Texans are conflicted between economic risks and pandemic fears

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Some may have thought Texans would pour out of their homes when Gov. Greg Abbott announced that his stay-at-home order would expire on schedule, allowing restaurants, movie theaters and malls to begin reopening at reduced capacity. But our polling suggests that most Texans are not ready, however economically eager, to return to normal. The governor may have the ability to let businesses open, but he can’t force Texans to eat out, shop at the mall or go to the movies.

This is a tough spot for policymakers and for public health: On the one hand, Texans perceive the threats to the economy as severe, but they also appear unready to change their pandemic-induced behavior because the personal health risk to them remains more threatening than the economic ones.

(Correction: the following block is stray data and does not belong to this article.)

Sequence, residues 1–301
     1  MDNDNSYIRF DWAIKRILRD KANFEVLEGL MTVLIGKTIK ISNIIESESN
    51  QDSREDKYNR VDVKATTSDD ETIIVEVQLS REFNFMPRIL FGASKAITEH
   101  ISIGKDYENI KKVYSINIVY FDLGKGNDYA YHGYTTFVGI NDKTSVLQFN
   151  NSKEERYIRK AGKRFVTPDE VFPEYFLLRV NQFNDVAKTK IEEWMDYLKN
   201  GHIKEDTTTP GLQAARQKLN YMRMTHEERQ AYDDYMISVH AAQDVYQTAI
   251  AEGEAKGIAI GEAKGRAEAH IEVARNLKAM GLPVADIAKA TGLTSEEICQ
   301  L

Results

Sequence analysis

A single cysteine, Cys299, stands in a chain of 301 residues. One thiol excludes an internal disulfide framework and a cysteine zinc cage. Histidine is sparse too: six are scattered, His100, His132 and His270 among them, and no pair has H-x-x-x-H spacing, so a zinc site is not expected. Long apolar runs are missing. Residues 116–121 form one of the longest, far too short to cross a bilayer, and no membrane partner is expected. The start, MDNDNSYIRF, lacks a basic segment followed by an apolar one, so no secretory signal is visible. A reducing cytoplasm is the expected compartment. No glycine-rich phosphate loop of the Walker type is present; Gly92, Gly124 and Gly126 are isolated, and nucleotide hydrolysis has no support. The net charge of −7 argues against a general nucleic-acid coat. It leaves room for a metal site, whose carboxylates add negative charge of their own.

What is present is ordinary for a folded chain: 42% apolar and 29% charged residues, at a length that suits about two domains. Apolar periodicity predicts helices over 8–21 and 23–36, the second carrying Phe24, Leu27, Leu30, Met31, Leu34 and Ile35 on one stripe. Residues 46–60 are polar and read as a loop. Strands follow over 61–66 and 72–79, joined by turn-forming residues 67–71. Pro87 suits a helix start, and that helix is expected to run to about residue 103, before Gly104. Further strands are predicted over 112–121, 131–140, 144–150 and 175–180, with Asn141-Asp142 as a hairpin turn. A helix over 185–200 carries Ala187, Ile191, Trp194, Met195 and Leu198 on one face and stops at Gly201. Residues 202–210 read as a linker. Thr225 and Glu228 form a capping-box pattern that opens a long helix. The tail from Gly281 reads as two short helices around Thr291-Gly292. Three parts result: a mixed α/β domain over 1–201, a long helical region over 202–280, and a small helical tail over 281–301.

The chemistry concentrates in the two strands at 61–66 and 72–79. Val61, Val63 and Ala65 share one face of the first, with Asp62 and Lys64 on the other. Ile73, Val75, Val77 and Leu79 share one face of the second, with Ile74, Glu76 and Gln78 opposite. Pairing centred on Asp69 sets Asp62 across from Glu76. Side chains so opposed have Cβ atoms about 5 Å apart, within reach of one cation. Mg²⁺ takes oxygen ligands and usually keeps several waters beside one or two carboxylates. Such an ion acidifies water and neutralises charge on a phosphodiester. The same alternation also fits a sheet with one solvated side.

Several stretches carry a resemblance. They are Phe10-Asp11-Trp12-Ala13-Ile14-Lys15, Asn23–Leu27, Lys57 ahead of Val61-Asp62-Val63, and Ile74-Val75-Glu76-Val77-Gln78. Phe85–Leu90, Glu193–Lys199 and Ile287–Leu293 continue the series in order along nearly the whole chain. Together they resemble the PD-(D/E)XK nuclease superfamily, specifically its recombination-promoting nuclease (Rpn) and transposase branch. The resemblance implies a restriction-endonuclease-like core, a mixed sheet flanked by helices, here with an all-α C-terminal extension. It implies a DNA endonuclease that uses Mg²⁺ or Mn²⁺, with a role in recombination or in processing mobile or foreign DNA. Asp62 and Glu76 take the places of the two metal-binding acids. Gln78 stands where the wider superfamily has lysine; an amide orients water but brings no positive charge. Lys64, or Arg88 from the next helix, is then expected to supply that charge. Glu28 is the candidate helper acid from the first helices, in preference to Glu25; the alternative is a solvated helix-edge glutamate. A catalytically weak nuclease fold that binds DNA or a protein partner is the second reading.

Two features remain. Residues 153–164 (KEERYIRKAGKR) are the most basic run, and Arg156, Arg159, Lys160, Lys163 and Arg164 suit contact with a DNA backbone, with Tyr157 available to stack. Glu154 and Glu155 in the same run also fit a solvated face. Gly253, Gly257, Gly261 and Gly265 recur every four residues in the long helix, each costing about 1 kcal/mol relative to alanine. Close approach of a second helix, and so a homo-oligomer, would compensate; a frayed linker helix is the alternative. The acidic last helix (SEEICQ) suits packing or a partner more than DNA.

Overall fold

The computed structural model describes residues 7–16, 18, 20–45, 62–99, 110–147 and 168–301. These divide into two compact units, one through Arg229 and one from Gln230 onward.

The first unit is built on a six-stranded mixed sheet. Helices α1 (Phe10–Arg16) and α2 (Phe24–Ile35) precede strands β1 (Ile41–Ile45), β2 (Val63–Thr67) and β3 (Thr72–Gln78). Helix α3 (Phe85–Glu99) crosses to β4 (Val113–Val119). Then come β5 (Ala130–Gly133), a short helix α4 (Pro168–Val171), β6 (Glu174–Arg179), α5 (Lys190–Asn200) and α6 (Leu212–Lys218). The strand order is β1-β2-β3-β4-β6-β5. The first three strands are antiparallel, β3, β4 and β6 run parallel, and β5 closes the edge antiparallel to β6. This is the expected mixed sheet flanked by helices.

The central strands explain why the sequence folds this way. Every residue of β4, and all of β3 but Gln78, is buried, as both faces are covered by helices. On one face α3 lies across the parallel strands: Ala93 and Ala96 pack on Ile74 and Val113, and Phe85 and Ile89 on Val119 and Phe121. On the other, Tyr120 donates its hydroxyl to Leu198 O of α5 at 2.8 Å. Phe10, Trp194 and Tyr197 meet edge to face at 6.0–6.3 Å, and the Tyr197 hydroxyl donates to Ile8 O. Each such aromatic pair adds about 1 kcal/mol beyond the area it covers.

Anecdotally, reactions to Abbott’s announcement were mixed, with many business owners concerned about their ability to open safely or the financial viability of doing so with a fraction of the customers.

Many Texans share those concerns. The University of Texas/Texas Tribune Poll found that Texans — more likely to be unemployed than sick with COVID-19 — are currently expressing more concern about the economy than about the spread of the coronavirus.

Continue reading about the University of Texas/Texas Tribune Poll results and how Texans are reacting to the pandemic.

Columns appearing on the service and this webpage represent the views of the authors, not of The University of Texas at Austin.